Companies interested in being a part of this initiative should contact Dara Carlisle, Kentucky Division of Waste Management, at firstname.lastname@example.org or call 502-564-6716 ext. 4636 with the following information:
- Hours/days the tours are available for school children.
- Are tours available year-around?
- How many kids can be accommodated on the same tour?
- Any age restrictions?
- Contact name with telephone number and email address.
- What type of recycling facility is it - collection, processing, broker, end-user, etc.
- Please describe what your facility does in 2-3 sentences.
- Why Recycling Is Important: As stewards of the environment, we are responsible for preserving and protecting our resources for ourselves and for future generations.
- Getting Back to Basics: Recycling is really just common sense, and until the "modern era," it was a common household activity. Before the 1920s, 70% of U.S. cities ran programs to recycle certain materials. During World War II, industry recycled and reused about 25% of the waste stream. Because of concern for the environment, recycling is again on the upswing. The nation's composting and recycling rate rose from 7.7% of the waste stream in 1960 to 17% in 1990. It's currently up to around 33%.
- The Garbage Crisis: From individually packaged food servings to disposable diapers, more garbage is generated now than ever before. This garbage, the solid waste stream, goes mostly to landfills, where it's compacted and buried. As the waste stream continues to grow, so will pressure on our landfills, our resources and our environment.
- Recycling-An Important Part of the Solution: Recycling is one of the easiest ways you can help slow climate change and global warming. By recycling, you help significantly lower carbon emissions associated with extracting virgin materials, manufacturing products and waste disposal.
How it Works
There are three parts to the recycling process; each essential to making the system work: collection, manufacturing and buying. These three components are so important that they are represented by the three "chasing arrows" of the recycling logo.
- Collection - Don't Send Recyclables to the Landfill: In this phase, materials are separated from the waste stream and prepared to become raw materials.
- Manufacturing - Using Recycled Materials Instead of Virgin Raw Materials: Recovering the materials is just the first step. There must also be a market for it-companies that want the materials and are able to remanufacture them into consumer products. Sometimes these companies have to invest a significant amount of money to adapt their manufacturing processes to accommodate the use of recycled materials in their products.
- Buying - Close the Loop by Buying Products with Recycled Content: In order to make recycling economically viable, there must be a market for recycled products. If people buy them, companies will be encouraged to make them, and the whole system works.
How will the world financial crises affect recycling markets? Get the overall 2008 recycling markets update; hear about the market crash and its ripple effect on the industry. Speaker Jerry Powell, Editor and Publisher of Resource Recycling, Inc., is just back from China where he investigated the plastic markets. Participants will get up-to-date insights from one of the original recycling market watchers.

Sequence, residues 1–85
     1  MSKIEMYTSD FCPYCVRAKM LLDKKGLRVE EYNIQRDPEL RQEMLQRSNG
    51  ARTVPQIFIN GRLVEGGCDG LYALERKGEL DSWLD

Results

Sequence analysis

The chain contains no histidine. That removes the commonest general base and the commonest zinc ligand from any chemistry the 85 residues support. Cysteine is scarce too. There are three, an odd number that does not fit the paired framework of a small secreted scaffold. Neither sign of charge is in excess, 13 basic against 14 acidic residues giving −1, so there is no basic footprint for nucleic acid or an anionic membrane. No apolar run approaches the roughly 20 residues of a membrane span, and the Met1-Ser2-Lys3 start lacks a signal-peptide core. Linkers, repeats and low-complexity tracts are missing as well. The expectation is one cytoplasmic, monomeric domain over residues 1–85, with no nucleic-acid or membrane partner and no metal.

Webinar topics will include: the state of recycling nationally; the current state of the plastics, paper and metal markets; and trends in curbside collection. Registration information is available online.
Speaker bio: Jerry Powell is the owner and publisher of two magazines and a newsletter (Resource Recycling, Plastics Recycling Update and E-Scrap News). Previously Mr. Powell founded and managed a recycling consulting firm for a decade and founded and managed a recycling business in Portland, Oregon for more than eight years. He is a past three-time chair of the board of the National Recycling Coalition and the three-time chair of the board of a state recycling association.
In this second year of Web Academy sessions, US EPA's Resource Conservation Challenge (RCC) webinars will be held on the third Thursday of each month. For a full list of upcoming sessions, visit: http://www.epa.gov/region1/RCCedu/calendar.html.
Take your computers, monitors, printers, copiers, scanners, fax machines, keyboards, mice, cables, rechargeable batteries, telephones, cell phones, pagers and chargers to a community recycling event in the Clifton Neighborhood. The event, to be held from 9 a.m. to 3 p.m., EST on Nov. 15, is being organized by Commonwealth Computer Recycling of Louisville. There will be a $3 drop-off fee to cover the cost of the event. Details are available at courier-journal.com.
The Kentucky Finance and Administration Cabinet has awarded a contract that will result in recycling of more than 5 million pounds of electronic scrap generated by government agencies and educational institutions in Kentucky each year. The e-scrap contract [PDF] with Creative Recycling Inc. of Tampa, FL, will assure that this large volume of scrap will be recycled in an environmentally sound manner with 5 percent or less of the remaining scrap going to landfills. In addition, revenue will be generated through reimbursements for most e-scrap, which includes "end-of-life" telephones and cell phones, TVs, computers and associated equipment, audio/stereo gear, VCRs, DVDs, and video game consoles.
This contract was issued as an "all state agencies" contract that allows participation by the Executive, Judicial and Legislative branches of government, school districts, postsecondary education institutions and any other public/not-for-profit entity. Creative Recycling plans to establish an e-scrap sorting and recycling processing facility in Kentucky. The company will be developing a Web site with details about the service.
US EPA Region 4 has released a new Municipal Government Toolkit (MGTK), which provides a centralized web-based resource for recycling-related information designed specifically to assist local government leaders and recycling program coordinators. The MGTK provides a key resource to help elected officials and decision-makers identify information to develop, evaluate, support and/or expand their reduction programs. This resource presents a collection of economic data, sample legislation, waste reduction efforts, guidance resources and case studies regarding the impacts of recycling in the Southeast.